How did you get in contact with Adobe Substance prior to the integration?
I was getting into texturing a couple of years ago and found Substance by accident when scrolling Behance. Besides indulging in Substance Academy tutorials I’m self taught in Substance. Once you get the hang of the texture creation flow it is really enjoyable.
How has this integration between the two solutions enabled you to create better design output and how has your design process been elevated through the integration?
For starters I am now able to harness the full potential of my SBS materials without being limited by bitmap exports. The benefit of applying a material on to a work in progress and being able to change the parameters of the material “on the go” really sets a new standard. In my current workflow this opens up new horizons when it comes to the ease of changing resolution when iterating, similar to the convenience the normal and fitting simulation mode CLO already offers. Furthermore, the ability to set up multi materials with graph instances in substance design is fantastic, each file becomes a library within itself and offers endless possibilities for me as a creator.
What are the main advantages you see from the Substance integration within CLO?
The main advantage, besides those I have mentioned, are building libraries, asset-creation and setting up pipelines which are much easier with this integration. As a professional designer you can safely consume digital materials without any hassle–everything needed is in one single package. Moreover, the level of photorealism a PBR material from substance has to offer will without a doubt contribute to easier decision-making, and an even smaller need for sample-handling.
By building my materials procedurally, I have full control over all my parameters within each material. I can quickly change the scaling, color, pattern etc. If need be, I can even set up the graph and the exposed parameters so that a single warp thread can have any custom variation applied to it right within CLO.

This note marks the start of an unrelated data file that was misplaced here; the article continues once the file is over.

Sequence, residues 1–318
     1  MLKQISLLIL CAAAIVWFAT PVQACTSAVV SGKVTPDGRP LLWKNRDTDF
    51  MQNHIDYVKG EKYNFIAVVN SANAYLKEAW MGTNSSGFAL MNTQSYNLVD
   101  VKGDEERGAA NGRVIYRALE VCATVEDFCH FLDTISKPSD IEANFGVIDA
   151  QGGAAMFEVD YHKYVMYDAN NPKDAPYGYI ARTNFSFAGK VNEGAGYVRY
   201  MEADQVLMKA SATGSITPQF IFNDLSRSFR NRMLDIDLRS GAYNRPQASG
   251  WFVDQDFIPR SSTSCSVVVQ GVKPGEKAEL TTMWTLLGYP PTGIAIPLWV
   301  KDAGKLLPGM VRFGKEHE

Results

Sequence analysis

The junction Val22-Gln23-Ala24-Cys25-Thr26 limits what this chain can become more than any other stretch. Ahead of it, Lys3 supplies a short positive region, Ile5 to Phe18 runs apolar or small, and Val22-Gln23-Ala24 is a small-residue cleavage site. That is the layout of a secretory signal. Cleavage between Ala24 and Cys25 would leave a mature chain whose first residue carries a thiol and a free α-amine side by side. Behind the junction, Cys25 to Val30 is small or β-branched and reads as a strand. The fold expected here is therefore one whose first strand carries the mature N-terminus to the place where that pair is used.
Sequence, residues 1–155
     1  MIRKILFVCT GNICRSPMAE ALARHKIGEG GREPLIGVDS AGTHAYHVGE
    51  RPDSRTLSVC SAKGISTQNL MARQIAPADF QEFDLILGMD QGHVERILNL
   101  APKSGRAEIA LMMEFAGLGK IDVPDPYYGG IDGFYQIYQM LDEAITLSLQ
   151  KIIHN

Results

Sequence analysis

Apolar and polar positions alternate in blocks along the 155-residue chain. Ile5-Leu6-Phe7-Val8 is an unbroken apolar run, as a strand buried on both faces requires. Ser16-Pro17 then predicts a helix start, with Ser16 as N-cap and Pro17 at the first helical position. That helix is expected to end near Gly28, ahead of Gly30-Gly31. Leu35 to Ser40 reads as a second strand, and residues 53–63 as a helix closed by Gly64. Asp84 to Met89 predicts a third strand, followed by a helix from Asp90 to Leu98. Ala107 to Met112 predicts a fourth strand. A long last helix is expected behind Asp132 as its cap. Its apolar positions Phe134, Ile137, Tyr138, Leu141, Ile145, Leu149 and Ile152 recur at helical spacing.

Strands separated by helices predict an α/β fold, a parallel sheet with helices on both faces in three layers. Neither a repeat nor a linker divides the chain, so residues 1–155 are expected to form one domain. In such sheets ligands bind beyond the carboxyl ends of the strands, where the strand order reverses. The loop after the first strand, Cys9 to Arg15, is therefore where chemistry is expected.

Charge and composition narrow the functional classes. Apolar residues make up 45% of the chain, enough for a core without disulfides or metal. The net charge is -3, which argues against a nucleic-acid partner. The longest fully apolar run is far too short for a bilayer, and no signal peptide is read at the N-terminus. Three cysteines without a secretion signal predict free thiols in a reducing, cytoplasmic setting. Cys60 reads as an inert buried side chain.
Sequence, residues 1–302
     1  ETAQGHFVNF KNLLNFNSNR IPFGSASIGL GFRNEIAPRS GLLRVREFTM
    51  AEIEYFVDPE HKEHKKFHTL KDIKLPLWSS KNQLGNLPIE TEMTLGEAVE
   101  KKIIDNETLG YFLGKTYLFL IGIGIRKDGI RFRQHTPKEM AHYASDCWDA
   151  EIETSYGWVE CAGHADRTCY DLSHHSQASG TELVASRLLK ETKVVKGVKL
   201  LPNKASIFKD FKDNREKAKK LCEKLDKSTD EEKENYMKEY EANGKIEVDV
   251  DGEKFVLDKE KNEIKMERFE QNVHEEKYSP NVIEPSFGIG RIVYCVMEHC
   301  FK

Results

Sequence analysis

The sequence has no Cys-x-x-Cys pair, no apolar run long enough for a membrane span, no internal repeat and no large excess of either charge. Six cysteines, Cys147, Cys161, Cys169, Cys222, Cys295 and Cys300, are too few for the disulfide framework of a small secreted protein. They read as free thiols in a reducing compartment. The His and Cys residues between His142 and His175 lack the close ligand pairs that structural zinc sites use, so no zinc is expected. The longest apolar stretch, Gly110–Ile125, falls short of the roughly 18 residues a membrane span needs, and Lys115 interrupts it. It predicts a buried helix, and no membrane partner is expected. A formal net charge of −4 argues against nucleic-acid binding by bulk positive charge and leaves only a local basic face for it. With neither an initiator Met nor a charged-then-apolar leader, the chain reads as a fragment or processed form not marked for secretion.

All the materials used in the projects shown here are custom made to fit my needs. Some of the materials have switches for both the print and the base material and all the prints can easily be regenerated in a different seed or randomized if needed.
Do you believe that this integration pushes the industry forward?
Undoubtedly. I think that this is a big leap forward for cloth-sim within the fashion and retail industry. I believe that this integration takes us one step closer to the reality of using CGI to create serious product shots on a more regular basis. It also brings together two important and competent softwares making the design-process easier and more realistic than ever before. I’m really looking forward to seeing what the future has in store for the render engine and the UV editor!
John-Daniel is one of many talented designers who are thrilled about this integration and who have seen great results. Integrating Substance into CLO optimizes the entire 3D design process by providing true-to-life textures and material visualization technologies that enable the creation of digital designs that are an exact 1:1 representation of the physical end product. This supports designers and creators alike to achieve a seamless digital workflow. To find out more about the Substance integration register for the CLO Virtual Fashion User Summit being held on the 23rd and 24th of February, 2021.